Tenho 1201 amigas. 
I have 1201 friends.

We would say: mil duzentas e uma amigas.  So we put the number 200 in the feminine form and also the number 01 (because number 1 and 2 have feminine forms). So if you want to say 621 amigas (female friends), for example, you should put all the numbers that you can in the feminine = seiscentas e vinte e uma amigas

When we are referring to a feminine noun, we have to put all the numbers that have a feminine form… in the feminine! Today we showed you some big numbers that have a feminine form, but of course you may need to complete these with smaller numbers, see other Dicas to make sure the numbers that have the feminine form too.

If you want to practice with a real person, have a class with our native teachers!

Talking about millions

Now, let’s pay attention to the really big numbers. Talking about the million category, we do like this:

1.000.000 – Um milhão

And now, we will change the first number according to what we want to say and put the word milhão in the plural form: milhões. Take a look:

4.000.000: quatro milhões

8.000.000: oito milhões

We can follow the same pattern when talking about billions and  trillions. Check out:  – Um bilhão – Dois bilhões – Um trilhão – Três trilhões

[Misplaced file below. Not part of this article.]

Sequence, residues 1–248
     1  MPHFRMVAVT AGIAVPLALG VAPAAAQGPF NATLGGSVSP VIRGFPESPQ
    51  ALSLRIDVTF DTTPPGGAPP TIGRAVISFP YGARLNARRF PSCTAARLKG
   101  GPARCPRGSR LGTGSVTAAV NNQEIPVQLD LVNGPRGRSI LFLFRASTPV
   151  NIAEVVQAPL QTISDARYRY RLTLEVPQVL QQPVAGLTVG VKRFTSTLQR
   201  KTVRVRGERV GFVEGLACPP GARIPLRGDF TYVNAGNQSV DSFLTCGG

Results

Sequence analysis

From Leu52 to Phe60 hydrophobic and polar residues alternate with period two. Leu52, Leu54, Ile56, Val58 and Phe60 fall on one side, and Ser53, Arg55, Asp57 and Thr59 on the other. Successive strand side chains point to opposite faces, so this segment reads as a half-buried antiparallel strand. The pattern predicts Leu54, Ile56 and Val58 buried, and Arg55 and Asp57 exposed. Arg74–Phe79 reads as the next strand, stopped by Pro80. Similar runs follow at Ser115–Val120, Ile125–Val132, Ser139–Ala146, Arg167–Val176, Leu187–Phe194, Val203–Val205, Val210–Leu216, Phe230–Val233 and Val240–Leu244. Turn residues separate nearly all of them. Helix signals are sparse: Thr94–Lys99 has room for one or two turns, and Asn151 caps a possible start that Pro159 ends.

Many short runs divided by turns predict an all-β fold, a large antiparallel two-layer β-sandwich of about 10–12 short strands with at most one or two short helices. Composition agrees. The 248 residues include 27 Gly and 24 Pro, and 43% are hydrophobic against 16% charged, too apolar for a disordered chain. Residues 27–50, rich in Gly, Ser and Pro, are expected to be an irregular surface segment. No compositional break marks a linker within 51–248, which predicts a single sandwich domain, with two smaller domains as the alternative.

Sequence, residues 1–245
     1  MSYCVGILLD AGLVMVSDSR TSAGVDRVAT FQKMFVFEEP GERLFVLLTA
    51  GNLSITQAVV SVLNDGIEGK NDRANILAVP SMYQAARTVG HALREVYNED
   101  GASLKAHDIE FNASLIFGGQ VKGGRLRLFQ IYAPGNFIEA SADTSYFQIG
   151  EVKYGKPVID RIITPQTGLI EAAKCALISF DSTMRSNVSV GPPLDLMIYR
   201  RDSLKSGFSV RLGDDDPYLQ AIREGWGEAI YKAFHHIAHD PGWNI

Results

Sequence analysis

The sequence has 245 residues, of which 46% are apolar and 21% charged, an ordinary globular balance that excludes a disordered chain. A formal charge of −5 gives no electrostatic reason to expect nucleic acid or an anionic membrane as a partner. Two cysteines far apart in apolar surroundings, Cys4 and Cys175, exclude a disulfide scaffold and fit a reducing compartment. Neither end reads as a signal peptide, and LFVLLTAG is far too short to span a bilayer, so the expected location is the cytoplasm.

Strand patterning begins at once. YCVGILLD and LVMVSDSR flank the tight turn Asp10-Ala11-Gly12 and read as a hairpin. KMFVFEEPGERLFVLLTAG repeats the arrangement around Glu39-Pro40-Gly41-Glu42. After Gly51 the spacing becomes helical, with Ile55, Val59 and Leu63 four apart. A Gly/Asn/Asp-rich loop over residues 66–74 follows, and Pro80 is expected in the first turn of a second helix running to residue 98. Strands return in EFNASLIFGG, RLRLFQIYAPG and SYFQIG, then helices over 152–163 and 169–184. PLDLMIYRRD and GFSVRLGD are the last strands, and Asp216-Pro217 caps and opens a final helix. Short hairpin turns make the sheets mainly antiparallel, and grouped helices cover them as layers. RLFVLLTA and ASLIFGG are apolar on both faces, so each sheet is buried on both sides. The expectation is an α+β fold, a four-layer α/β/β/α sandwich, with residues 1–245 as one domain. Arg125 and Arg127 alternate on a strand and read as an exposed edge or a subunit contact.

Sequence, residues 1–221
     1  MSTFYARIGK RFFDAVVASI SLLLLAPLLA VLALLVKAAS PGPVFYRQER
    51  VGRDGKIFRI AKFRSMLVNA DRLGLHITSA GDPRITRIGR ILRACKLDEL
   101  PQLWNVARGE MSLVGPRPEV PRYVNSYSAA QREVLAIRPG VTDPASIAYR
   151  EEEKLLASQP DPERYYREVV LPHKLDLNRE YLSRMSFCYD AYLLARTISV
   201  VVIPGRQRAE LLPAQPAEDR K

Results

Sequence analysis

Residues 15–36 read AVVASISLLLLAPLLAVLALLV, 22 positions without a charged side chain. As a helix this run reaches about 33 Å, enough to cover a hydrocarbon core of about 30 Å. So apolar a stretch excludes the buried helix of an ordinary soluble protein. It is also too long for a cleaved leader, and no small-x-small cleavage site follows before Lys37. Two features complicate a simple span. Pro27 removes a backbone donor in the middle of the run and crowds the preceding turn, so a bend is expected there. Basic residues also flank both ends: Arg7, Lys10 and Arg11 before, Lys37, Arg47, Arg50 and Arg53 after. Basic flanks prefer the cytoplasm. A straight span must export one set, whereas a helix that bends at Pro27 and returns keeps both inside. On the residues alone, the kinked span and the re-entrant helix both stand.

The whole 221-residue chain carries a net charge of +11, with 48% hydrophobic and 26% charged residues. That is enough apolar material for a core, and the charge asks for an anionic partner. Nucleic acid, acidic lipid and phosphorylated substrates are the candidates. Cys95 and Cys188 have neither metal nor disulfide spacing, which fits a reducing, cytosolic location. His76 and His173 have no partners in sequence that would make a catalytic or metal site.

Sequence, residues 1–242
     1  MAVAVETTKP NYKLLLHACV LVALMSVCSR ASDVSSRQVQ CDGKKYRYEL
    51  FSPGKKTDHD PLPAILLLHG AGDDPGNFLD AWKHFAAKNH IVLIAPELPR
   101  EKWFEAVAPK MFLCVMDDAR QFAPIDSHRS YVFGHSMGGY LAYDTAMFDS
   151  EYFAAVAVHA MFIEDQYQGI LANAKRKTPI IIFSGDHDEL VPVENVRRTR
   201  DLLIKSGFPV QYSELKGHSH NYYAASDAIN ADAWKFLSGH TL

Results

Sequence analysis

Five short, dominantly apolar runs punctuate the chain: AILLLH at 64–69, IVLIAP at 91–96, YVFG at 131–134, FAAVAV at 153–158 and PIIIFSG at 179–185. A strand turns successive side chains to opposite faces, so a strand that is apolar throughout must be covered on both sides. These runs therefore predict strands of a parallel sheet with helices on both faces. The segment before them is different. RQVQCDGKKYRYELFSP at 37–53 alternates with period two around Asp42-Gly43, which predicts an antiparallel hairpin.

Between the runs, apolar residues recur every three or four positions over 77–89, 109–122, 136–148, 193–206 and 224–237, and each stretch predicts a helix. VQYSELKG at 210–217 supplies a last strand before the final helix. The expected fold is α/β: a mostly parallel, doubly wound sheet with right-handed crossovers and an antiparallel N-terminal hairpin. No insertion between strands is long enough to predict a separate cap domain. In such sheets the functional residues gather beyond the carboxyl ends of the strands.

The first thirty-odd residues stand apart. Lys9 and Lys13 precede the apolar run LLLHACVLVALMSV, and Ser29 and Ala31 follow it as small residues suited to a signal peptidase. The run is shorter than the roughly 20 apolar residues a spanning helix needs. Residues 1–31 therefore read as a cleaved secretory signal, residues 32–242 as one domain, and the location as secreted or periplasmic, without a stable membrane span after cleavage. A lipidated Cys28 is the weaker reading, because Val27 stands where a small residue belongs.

How to say complete numbers

Every time we use big numbers in Portuguese, we need to pay attention to the use of the comma and the e. We use the comma before the thousands and hundreds, and we use the e before the tens and the units. This is how we do it:

Big numbers in Portuguese example: Um milhão, mil, trezentos e quarenta e oito.

And depending on the numbers that come after, we change the number cem into cento. Let’s see some examples:

Examples with big numbers

121 – Cento e vinte e um.
237 – Duzentos e trinta e sete.
1.990 – Mil, novecentos e noventa.
4.259 – Quatro mil, duzentos e cinquenta e nove.
9.135 – Nove mil, cento e trinta e cinco.
54.033 – Cinquenta e quatro mil e trinta e três.